Ageing is more than just wrinkles on the face. Our bodies, too, change as we age — muscles shrink and lose mass; the heart muscle becomes less efficient at pumping blood; metabolic rate (how the body converts food into energy) slows; bones become less dense and more fragile; and joint flexibility decreases.
The result: obesity, raised cholesterol, arthritis and osteoporosis. Obesity, in turn, may lead to heart disease, cancer and other diseases. People generally don’t die of old age; we die from diseases.
Healthy ageing is possible. You can turn back the years, scientists say, with regular exercise. Age-related degeneration of bone, muscle, skin, nerves and cells can all be slowed with regular exercise. In one study, patients who already had coronary artery disease reduced their risk of fatal heart complications by 20-25% through exercise.Studies show that even if exercise is initiated late in life, it can still delay the effects of ageing.
What Studies Show:
PHYSICAL inactivity can speed up ageing and lead to the rapid onset of muscle wastage, decreased endurance and loss of flexibility and balance (University of Texas researchers, Behavioural Medicine).
SEDENTARY lifestyle also increases the risk of hip fractures. In a study, women who spent less than 4 hours a day on their feet had nearly twice the risk of hip fractures than their more active counterparts.
EXERCISING 30 minutes a day helps your heart, bones and mind to stay healthy. People who exercise regularly experience about 40% less mental decline as they age compared to sedentary folks.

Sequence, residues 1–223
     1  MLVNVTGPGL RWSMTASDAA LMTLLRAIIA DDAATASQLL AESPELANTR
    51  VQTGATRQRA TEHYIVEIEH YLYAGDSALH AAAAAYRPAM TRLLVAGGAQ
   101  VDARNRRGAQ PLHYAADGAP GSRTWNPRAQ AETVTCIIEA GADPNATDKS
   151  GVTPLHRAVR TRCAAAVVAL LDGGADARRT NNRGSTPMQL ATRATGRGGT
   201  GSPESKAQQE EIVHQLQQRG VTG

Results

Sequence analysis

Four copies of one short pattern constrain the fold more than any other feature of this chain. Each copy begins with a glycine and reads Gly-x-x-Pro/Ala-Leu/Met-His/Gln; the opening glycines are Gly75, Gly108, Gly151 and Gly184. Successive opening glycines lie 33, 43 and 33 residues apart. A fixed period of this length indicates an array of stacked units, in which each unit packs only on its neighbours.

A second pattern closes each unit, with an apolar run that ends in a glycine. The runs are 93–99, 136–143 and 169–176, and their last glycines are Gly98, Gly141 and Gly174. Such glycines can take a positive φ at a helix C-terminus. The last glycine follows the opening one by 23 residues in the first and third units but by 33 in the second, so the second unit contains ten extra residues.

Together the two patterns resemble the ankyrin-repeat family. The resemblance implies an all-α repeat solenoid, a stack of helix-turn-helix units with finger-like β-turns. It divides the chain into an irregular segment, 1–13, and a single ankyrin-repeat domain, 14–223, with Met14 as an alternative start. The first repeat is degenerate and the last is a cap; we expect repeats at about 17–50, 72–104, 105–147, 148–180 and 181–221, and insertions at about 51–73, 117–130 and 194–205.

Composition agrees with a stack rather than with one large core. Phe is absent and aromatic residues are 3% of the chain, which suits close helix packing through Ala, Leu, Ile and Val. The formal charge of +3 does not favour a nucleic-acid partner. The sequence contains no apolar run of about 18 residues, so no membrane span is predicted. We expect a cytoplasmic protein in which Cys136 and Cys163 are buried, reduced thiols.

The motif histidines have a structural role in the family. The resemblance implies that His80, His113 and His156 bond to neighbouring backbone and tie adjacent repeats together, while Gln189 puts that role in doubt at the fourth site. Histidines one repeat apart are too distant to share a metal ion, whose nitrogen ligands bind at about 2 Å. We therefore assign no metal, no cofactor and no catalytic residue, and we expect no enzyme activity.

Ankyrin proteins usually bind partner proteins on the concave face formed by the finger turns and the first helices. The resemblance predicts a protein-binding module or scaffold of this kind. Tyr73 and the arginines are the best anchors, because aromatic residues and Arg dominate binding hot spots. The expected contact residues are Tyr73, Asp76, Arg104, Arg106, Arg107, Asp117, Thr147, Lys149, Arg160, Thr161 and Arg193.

WALKING, weightlifting, flexibility training and other forms of exercise can help older people avoid the disabilities normally associated with ageing — and even reverse the ageing process itself (University of Texas, US researchers).
Documented: A walking programme for people in their 70s reversed 22 years of declining lung capacity in 22 weeks. A 12-week weights programme more than doubled the leg muscle strength of some women aged 64 years and over. People who exercised by walking several days a week decreased their risk of disability and improved their ability to climb stairs, stoop, crouch and kneel.
CLINICALLY speaking, people who exercise throughout their lives seem to do a lot better physically at handling the daily activities of life as they head into older age (Dr Chuck McCauley, cardiology department, Marshfield Clinic, Wisconsin, US).
NEVER too late to start: In a study, when sedentary 50-year-olds began exercising for 1 hour a day for 4-5 days a week, their aerobic capacity returned to where it was when they were 20 (“Staying Alive”, Australia’s The Age, 11 March 2004).
Read more about how exercise heals various diseases, how effective Yoga, meditation, Tai Chi and Qigong are and how to exercise for different Iilnesses in the CAP Guide Exercise as Medicine